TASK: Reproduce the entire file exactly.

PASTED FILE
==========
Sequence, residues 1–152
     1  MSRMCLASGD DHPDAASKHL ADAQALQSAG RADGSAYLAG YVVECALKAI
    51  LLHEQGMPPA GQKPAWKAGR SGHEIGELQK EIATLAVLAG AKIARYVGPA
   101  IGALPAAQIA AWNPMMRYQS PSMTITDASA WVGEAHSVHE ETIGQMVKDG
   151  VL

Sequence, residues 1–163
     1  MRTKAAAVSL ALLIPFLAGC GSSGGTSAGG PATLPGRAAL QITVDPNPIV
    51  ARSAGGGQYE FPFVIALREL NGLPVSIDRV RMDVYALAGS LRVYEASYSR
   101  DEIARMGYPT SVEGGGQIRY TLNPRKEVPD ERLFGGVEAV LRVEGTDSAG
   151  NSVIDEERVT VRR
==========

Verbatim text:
Sequence, residues 1–152
     1  MSRMCLASGD DHPDAASKHL ADAQALQSAG RADGSAYLAG YVVECALKAI
    51  LLHEQGMPPA GQKPAWKAGR SGHEIGELQK EIATLAVLAG AKIARYVGPA
   101  IGALPAAQIA AWNPMMRYQS PSMTITDASA WVGEAHSVHE ETIGQMVKDG
   151  VL

Sequence, residues 1–163
     1  MRTKAAAVSL ALLIPFLAGC GSSGGTSAGG PATLPGRAAL QITVDPNPIV
    51  ARSAGGGQYE FPFVIALREL NGLPVSIDRV RMDVYALAGS LRVYEASYSR
   101  DEIARMGYPT SVEGGGQIRY TLNPRKEVPD ERLFGGVEAV LRVEGTDSAG
   151  NSVIDEERVT VRR